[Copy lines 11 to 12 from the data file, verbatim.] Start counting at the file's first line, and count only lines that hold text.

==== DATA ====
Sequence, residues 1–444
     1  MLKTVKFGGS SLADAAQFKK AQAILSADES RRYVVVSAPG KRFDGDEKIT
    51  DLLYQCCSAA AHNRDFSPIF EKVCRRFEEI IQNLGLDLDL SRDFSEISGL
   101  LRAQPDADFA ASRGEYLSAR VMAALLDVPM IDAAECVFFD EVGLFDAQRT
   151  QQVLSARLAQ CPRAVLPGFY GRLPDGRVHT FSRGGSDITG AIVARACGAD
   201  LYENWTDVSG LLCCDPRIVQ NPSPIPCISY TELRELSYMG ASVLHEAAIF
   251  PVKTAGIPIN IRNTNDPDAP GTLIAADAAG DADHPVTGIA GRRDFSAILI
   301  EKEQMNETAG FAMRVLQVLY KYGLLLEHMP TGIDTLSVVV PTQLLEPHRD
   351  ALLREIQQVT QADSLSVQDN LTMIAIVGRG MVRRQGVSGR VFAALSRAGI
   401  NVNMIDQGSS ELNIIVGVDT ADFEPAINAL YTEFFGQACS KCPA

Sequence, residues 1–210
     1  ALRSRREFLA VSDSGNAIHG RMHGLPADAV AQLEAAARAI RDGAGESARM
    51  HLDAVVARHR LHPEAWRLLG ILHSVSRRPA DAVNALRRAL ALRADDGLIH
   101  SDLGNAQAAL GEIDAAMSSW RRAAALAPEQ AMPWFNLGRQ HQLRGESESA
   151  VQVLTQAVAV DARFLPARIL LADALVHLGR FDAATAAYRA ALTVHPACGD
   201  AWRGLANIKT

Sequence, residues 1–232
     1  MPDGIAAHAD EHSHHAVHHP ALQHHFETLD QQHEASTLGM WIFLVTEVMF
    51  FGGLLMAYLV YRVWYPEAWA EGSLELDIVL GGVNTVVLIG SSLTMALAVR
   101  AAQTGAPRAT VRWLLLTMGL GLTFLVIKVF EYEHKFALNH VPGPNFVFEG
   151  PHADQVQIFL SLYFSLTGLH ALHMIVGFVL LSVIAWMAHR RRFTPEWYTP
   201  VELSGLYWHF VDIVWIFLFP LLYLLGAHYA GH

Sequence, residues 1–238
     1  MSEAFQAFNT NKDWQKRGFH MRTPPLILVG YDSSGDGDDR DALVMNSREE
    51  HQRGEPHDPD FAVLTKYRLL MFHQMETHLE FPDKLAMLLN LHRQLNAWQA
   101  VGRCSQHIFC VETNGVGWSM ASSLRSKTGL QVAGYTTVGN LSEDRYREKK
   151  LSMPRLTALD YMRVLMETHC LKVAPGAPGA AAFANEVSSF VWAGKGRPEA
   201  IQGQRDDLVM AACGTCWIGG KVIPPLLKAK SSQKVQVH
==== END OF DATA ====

Sequence, residues 1–210
     1  ALRSRREFLA VSDSGNAIHG RMHGLPADAV AQLEAAARAI RDGAGESARM